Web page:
Daniel Weinreb on packages

Daniel Weinreb has posted a number of really interesting things to the "pro" mailing list lately. I particularly like this digression on packages:

(Digression: A slightly different approach is to define a package not intended to be "use"'ed. I did this with the API for the logging facility in QRes. For example: log:add-rule. If you did a "use", it might be confusing to remember that add-rule is from logging, and indeed you might "use" another package that has an "add-rule" function. This is a name conflict. The whole idea of packages is to avoid name conflicts! So I think "use" is opposed to the whole idea of packages and should be used sparingly.

What people usually do in Common Lisp, in my experience, is to name their functions so that the ones in one module (or, more generally, related ones) all have names starting with a common prefix. Well, that's what packages were invented: so that you don't have to do that! In QRes, even though there is a "qconfig" package for the configuration stuff, the functions are still all named "config-", and everybody uses "use". I think this is not as good as using packages as they were designed. Rather than, e.g., config-descriptor-property, use config:descriptor-property. Anyway.)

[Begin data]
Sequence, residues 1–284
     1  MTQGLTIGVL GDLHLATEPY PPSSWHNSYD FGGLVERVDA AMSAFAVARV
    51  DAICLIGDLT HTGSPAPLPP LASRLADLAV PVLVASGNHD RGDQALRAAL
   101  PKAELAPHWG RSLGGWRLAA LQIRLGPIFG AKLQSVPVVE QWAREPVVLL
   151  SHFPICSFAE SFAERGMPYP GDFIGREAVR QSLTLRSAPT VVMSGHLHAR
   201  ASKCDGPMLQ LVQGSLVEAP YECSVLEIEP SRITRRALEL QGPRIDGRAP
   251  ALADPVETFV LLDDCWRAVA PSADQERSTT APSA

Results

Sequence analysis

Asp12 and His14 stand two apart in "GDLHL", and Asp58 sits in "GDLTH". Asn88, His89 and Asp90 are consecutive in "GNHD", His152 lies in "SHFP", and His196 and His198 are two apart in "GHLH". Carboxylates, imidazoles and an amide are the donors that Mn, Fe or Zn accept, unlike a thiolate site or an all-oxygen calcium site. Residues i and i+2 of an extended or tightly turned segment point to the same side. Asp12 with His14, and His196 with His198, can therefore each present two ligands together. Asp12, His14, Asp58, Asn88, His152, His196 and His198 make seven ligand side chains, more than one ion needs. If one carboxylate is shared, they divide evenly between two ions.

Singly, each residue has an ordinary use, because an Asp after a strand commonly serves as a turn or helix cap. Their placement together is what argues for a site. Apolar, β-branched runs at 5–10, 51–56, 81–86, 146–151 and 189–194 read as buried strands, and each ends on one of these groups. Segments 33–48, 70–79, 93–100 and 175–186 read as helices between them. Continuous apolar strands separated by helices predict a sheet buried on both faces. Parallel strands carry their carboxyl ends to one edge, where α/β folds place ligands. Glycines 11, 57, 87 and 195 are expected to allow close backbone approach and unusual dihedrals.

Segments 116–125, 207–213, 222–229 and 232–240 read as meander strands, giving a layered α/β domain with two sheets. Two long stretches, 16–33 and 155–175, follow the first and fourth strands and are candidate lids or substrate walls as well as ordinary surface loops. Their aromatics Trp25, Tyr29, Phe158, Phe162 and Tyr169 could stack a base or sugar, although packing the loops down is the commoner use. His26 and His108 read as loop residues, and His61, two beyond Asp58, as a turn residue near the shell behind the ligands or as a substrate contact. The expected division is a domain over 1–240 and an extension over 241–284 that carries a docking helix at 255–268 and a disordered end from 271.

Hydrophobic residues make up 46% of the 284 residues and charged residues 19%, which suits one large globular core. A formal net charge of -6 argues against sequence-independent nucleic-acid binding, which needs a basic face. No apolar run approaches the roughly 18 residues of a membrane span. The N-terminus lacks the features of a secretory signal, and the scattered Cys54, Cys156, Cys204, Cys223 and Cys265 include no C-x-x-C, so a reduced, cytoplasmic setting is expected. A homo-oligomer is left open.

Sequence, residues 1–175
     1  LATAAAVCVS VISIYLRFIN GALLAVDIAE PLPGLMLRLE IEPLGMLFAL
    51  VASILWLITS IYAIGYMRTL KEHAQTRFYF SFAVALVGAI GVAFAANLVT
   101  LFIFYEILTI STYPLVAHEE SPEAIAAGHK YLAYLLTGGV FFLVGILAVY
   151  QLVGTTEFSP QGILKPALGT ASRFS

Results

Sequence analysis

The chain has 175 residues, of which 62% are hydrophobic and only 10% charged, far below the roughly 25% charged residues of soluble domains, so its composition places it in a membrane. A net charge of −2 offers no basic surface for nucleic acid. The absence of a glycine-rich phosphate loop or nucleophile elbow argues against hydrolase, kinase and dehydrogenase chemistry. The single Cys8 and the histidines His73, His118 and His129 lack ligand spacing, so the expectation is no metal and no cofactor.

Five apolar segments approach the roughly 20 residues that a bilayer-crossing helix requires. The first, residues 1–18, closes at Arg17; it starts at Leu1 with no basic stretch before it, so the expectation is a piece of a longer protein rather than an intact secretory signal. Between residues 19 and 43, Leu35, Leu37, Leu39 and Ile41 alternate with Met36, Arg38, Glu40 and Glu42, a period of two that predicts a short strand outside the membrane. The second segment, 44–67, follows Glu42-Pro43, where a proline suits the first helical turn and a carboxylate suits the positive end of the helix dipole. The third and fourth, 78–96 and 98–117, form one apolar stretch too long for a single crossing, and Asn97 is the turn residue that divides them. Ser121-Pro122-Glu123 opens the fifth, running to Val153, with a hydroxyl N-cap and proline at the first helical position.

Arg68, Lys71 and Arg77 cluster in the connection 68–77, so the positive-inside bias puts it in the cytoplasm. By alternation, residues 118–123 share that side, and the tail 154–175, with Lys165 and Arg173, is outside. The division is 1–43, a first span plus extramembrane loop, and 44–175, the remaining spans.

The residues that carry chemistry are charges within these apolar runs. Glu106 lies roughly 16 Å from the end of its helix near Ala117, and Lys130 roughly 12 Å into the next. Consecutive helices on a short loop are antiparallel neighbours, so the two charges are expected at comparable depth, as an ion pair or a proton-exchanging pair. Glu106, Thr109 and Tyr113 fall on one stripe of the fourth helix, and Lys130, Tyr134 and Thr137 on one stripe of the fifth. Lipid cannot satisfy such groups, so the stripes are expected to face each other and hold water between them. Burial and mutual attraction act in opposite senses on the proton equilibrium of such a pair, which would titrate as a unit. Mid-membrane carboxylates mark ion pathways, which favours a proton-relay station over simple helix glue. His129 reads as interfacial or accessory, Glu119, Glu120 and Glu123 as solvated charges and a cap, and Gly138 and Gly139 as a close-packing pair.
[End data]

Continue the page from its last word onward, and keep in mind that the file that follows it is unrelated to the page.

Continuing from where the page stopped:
My experience has been a bit more positive. I think that people use the "bad" style (redundant symbol prefixes for functions, slots, etc) as first instinct when coming to Lisp from other languages, and after a while they use the "good" style.

It would be nice if this transition time could be shortened, not just for naming style but for everything. Practical Common Lisp helps a lot, but it would be nice if there was more promotion of exemplary, modern CL code for people to study.

You can read more of Daniel's recent posts on the "pro" archive.

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Comments

(Anonymous)

That's why nicknames are important

What Dan describes is exactly why having nicknames is important. People don't want to fully qualify names when the package name is com.whatever.buzz, and if the package has no nicknames, then it's simpler (or so they think) to just "use" it.